BC1 is a Paralympic boccia classification. The class is open to people with several different types of disabilities, including cerebral palsy. BC1 players have events open to them in boccia on the Paralympic Games program.

BC2 is a Paralympic boccia classification. The class is open to people with several different types of disabilities, including cerebral palsy. BC2 players have events open to them in boccia on the Paralympic Games program.

BC3 is a Paralympic boccia classification. The class is open to people with several different types of disabilities, including cerebral palsy. BC3 players have events open to them in boccia on the Paralympic Games program.

BC4 is a Paralympic boccia classification.

Boccia classification is the classification system governing boccia, a sport designed specifically for people with disabilities. Classification is handled by Cerebral Palsy International Sports and Recreation Association. There are four classifications for this sport. All four classes are eligible to compete at the Paralympic Games.

Thailand at the 2016 Summer Paralympics Sporting event delegation

Thailand competed at the 2016 Summer Paralympics in Rio de Janeiro, Brazil, from 7 September to 18 September 2016.

Boccia at the 2016 Summer Paralympics

Boccia at the 2016 Summer Paralympics was held in Riocentro, in the Barra district of Rio de Janeiro in September 2016, with a maximum of 104 athletes competing in seven events. The programme consisted of four individual events, two pairs events, and one team event, spread across four classifications.

South Korea at the 2016 Summer Paralympics Sporting event delegation

South Korea competed at the 2016 Summer Paralympics in Rio de Janeiro, Brazil, from 7 to 18 September 2016.

Slovakia at the 2016 Summer Paralympics Sporting event delegation

Slovakia competed at the 2016 Summer Paralympics in Rio de Janeiro, Brazil, from 7 to 18 September 2016.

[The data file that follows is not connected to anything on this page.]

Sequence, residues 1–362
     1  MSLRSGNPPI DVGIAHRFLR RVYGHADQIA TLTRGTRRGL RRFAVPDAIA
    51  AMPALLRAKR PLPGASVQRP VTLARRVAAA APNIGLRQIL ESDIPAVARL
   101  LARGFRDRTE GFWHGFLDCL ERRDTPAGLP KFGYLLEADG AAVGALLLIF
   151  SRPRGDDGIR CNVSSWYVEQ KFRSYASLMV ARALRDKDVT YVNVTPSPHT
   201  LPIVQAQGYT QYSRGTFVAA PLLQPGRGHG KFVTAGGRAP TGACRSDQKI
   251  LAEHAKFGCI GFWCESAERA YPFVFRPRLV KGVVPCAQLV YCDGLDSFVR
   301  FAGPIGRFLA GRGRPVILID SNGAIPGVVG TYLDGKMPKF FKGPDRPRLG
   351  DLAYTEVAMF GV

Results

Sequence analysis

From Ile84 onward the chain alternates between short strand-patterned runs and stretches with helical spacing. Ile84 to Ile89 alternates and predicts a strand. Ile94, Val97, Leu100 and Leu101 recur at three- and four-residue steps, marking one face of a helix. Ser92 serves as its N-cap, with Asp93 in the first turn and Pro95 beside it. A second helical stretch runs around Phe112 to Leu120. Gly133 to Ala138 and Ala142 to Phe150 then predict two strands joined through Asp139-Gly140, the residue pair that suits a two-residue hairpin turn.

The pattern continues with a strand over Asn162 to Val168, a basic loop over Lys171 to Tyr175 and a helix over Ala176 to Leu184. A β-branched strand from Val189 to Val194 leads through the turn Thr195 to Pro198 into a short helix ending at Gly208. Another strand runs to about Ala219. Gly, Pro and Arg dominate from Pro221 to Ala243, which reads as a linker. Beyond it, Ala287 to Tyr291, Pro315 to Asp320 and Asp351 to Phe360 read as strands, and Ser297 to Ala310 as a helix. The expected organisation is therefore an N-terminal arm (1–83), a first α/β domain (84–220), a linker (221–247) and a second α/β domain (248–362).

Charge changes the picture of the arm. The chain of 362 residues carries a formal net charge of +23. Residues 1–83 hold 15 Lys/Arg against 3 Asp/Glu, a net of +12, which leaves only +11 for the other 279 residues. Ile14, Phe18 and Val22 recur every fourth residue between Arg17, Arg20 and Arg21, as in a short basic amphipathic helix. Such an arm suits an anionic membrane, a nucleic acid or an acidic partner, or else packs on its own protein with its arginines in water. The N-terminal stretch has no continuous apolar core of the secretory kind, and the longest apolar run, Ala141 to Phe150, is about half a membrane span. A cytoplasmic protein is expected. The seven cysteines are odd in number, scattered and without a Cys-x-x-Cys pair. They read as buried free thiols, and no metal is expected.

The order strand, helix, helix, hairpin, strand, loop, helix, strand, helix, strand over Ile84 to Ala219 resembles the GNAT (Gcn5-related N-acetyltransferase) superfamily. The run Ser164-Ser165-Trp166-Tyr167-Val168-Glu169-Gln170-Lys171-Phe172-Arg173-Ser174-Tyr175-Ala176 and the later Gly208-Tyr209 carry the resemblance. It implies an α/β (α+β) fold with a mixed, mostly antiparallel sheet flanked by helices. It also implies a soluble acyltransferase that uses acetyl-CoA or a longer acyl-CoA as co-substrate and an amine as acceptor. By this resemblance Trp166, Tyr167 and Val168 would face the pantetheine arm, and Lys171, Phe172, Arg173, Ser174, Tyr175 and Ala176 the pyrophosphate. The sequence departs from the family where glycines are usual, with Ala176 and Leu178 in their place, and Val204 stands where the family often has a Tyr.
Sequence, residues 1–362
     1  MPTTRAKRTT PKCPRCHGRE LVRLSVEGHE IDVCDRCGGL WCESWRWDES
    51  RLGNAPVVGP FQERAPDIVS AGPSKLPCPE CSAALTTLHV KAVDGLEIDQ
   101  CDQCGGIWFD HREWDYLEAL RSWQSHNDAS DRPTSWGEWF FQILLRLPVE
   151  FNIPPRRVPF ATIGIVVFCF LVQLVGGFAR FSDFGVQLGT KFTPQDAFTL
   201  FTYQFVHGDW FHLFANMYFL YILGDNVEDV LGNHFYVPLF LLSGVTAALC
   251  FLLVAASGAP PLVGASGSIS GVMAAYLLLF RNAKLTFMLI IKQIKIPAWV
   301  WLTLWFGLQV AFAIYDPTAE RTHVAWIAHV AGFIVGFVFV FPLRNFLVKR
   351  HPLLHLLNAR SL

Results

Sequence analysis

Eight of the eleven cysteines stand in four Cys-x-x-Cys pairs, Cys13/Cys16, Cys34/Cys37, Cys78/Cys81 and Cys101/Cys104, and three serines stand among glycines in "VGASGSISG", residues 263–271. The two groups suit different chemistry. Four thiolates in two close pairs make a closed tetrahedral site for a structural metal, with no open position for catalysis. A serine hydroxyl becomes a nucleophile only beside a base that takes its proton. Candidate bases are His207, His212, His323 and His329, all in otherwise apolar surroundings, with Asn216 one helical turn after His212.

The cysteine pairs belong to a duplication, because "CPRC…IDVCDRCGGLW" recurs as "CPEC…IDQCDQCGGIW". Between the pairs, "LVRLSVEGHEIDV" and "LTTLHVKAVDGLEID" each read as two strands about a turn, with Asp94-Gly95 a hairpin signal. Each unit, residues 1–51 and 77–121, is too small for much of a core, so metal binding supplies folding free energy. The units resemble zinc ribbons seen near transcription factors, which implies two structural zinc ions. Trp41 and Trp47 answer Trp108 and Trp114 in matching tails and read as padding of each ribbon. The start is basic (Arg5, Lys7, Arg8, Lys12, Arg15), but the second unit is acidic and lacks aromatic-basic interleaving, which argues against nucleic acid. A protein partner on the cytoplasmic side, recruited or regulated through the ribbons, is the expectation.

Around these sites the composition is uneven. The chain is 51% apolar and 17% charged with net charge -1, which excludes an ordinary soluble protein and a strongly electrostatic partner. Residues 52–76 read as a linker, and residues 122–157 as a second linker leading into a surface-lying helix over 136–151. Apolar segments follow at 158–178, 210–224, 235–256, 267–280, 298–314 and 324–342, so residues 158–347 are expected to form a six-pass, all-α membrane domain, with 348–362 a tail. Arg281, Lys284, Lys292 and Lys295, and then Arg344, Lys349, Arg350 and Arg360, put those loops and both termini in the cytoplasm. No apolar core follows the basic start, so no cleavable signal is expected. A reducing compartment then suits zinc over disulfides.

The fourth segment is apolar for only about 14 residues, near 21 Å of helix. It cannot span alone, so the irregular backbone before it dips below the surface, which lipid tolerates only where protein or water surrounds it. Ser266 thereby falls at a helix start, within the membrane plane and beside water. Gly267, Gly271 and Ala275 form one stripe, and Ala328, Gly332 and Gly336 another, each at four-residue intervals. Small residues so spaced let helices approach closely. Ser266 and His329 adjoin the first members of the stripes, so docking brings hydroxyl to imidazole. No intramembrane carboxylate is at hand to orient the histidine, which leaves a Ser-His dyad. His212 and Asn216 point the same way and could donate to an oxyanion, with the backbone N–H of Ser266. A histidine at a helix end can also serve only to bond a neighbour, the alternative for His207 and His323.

Daniel Michel Australian boccia player (born 1995)

Daniel Michel is an Australian boccia player. He represented Australia at the 2016 Rio Paralympics.

CP1 is a disability sport classification specific to cerebral palsy. In many sports, it is grouped inside other classifications to allow people with cerebral palsy to compete against people with other different disabilities but the same level of functionality. CP1 classified competitors are the group who are most physically affected by their cerebral palsy. They are quadriplegics.

CP2 is a disability sport classification specific to cerebral palsy. In many sports, it is grouped inside other classifications to allow people with cerebral palsy to compete against people with other different disabilities but the same level of functionality. People in this class tend to use electric wheelchairs and are quadriplegic. CP2 competitors have better upper body control when compared to CP1.

Qualification for boccia at the 2020 Summer Paralympics begin from 1 January 2018 to 31 December 2019. There are seven mixed events where 82 quotas are gender free and 34 are for females to make a total of 116 athletes.

References

  1. History of Bocce [ dead link ]
  2. "Boccia | IPC". Paralympic.org. Archived from the original on 2013-05-07. Retrieved 2013-05-25.
  3. "Boccia New Zealand — Boccia New Zealand". Boccia.org.nz. Archived from the original on 2004-12-11. Retrieved 2013-05-25.
  4. "Archived copy". Archived from the original on February 16, 2011. Retrieved March 25, 2009.CS1 maint: archived copy as title (link) CS1 maint: bot: original URL status unknown (link)
  5. "Archived copy" (PDF). Archived from the original (PDF) on July 21, 2011. Retrieved February 7, 2011.CS1 maint: archived copy as title (link)
  6. ,Retrieved 2013-05-25 "Archived copy". Archived from the original on February 8, 2007. Retrieved February 25, 2007.CS1 maint: archived copy as title (link) CS1 maint: bot: original URL status unknown (link)
  7. "Archived copy" (PDF). Archived from the original on September 28, 2007. Retrieved February 25, 2007.CS1 maint: archived copy as title (link) CS1 maint: bot: original URL status unknown (link)
  8. "Boccia — The Official Website of the Beijing 2008 Paralympic Games". En.paralympic.beijing2008.cn. Archived from the original on 2008-06-03. Retrieved 2013-05-25.